Background: Phenotypic heterogeneity is a major impediment to the elucidation of the neurobiology and genetics of bipolar disorder. Endophenotype could help in reducing heterogeneity by defining biological traits that are more direct expressions of gene effects. The aim of this review is to examine the recent literature on clinical, epidemiological, neurobiological, and genetic findings and to select and evaluate candidate endophenotypes for bipolar disorder. Evaluating putative endophenotype could be helpful in better understanding the neurobiology of bipolar disorder by improving the definition of bipolar-related phenotypes in genetic studies. In this manner, research on endophenotypes could be useful to improve psychopathological diagnostics in the long-run by dissecting psychiatric macro phenotypes into biologically valid components.
Main body: The associations among the psychopathological and biological endophenotypes are discussed with respect to specificity, temporal stability, heritability, familiarity, and clinical and biological plausibility. Numerous findings regarding brain function, brain structure, neuropsychology and altered neurochemical pathways in patients with bipolar disorder and their relatives deserve further investigation. Overall, major findings suggest a developmental origin of this disorder as all the candidate endophenotypes that we have been able to select are present both in the early stages of the disorder as well as in subjects at risk.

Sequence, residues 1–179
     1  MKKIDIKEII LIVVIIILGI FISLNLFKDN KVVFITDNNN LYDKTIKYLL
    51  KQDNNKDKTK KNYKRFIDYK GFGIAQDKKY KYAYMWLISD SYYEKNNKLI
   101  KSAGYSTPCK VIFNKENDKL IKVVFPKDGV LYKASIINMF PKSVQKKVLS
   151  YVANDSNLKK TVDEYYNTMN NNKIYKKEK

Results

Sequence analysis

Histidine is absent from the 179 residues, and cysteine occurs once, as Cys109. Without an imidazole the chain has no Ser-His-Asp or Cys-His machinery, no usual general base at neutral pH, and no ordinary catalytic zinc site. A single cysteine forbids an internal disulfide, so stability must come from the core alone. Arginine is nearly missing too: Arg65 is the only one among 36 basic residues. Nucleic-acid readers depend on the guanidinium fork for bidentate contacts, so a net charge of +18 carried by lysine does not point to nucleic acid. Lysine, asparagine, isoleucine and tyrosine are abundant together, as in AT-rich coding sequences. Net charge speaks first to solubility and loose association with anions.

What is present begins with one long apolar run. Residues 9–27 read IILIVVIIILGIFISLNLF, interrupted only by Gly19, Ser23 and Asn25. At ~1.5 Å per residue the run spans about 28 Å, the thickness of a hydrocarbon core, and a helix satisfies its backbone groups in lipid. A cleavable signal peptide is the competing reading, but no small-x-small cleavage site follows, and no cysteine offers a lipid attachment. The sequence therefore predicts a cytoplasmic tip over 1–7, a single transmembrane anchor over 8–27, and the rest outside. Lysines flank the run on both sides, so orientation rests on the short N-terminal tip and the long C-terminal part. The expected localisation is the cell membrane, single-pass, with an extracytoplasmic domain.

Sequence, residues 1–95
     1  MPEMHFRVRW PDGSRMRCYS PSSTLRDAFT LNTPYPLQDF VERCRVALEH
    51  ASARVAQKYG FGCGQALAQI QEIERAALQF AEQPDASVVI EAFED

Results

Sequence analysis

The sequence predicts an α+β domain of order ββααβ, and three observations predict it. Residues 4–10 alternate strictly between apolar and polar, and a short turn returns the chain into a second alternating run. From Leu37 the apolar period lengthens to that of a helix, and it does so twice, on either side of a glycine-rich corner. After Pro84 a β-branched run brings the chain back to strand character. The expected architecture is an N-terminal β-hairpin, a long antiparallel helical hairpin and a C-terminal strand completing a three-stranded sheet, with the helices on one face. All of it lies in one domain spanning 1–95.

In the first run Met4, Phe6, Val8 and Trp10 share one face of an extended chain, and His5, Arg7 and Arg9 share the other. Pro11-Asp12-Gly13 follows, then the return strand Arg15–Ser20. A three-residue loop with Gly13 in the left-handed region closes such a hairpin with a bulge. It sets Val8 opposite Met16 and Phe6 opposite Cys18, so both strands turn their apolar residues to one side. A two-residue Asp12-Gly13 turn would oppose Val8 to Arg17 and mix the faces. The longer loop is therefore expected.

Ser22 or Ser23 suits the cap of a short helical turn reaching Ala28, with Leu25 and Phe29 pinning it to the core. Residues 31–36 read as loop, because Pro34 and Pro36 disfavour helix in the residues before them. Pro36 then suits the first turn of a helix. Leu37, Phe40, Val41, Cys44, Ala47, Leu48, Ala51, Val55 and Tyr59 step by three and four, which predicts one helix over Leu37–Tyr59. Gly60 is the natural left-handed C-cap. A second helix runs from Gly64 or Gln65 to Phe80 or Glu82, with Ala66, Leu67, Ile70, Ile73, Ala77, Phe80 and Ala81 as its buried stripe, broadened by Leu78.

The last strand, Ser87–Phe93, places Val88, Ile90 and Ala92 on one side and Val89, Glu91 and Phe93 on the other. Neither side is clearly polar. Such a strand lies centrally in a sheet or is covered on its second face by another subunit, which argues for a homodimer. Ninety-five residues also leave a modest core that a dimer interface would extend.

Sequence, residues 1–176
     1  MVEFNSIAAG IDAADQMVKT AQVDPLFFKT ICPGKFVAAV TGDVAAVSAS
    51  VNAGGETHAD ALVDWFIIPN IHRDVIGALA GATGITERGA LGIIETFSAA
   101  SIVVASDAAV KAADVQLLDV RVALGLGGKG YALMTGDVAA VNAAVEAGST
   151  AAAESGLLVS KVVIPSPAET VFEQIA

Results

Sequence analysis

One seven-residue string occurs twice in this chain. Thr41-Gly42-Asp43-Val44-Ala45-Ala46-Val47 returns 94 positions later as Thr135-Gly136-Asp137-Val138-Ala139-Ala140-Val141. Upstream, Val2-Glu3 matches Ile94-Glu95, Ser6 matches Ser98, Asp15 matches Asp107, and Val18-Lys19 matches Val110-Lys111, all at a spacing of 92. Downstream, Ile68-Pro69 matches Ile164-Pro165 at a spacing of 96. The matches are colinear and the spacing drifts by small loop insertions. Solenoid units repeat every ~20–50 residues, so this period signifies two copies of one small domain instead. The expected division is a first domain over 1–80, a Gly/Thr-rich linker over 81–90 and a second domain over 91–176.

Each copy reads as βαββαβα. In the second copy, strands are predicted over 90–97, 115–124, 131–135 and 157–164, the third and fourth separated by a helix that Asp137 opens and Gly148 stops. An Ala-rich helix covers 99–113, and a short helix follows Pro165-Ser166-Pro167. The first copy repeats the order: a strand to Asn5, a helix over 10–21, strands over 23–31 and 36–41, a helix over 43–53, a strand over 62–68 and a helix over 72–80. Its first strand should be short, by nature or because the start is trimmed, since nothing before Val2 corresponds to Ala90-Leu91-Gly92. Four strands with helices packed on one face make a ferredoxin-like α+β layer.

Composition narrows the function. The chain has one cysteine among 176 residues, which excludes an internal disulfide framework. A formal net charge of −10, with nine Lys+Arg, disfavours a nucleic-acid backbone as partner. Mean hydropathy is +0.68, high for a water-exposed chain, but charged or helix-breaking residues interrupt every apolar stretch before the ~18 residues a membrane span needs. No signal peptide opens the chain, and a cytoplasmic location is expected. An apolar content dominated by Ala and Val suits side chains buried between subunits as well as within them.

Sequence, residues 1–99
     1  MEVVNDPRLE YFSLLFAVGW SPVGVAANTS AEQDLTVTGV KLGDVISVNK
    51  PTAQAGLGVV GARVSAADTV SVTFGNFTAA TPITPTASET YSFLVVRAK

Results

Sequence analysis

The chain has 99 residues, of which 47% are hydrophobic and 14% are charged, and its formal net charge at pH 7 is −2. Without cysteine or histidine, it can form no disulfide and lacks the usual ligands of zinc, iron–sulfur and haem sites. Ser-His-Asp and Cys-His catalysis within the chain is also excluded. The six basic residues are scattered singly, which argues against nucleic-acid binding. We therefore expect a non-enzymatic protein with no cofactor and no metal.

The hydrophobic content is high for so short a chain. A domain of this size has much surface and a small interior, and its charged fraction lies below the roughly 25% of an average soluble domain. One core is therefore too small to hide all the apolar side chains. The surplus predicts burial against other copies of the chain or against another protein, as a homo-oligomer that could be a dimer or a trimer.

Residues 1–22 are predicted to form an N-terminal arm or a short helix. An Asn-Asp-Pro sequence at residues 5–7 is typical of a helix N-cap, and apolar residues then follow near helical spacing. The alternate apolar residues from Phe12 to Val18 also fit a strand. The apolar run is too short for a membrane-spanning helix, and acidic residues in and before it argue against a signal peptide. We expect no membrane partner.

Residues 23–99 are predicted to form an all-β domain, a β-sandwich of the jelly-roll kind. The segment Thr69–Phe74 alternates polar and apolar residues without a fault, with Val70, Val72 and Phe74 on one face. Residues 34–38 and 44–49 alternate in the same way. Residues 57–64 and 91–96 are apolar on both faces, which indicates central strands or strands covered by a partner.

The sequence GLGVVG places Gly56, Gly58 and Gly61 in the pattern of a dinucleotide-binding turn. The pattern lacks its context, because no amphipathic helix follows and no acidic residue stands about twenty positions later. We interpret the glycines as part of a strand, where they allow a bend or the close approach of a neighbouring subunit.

Conclusions: Among the stronger candidate endophenotypes, we suggest circadian rhythm instability, dysmodulation of emotion and reward, altered neuroimmune state, attention and executive dysfunctions, anterior cingulate cortex thickness and early white matter abnormalities. In particular, early white matter abnormalities could be the result of a vulnerable brain on which new stressors are added in young adulthood which favours the onset of the disorder. Possible pathways that lead to a vulnerable brain are discussed starting from the data about molecular and imaging endophenotypes of bipolar disorder.
Keywords: Bipolar disorder; Cognition; Endophenotype; Neuroimaging; Neuroinflammation.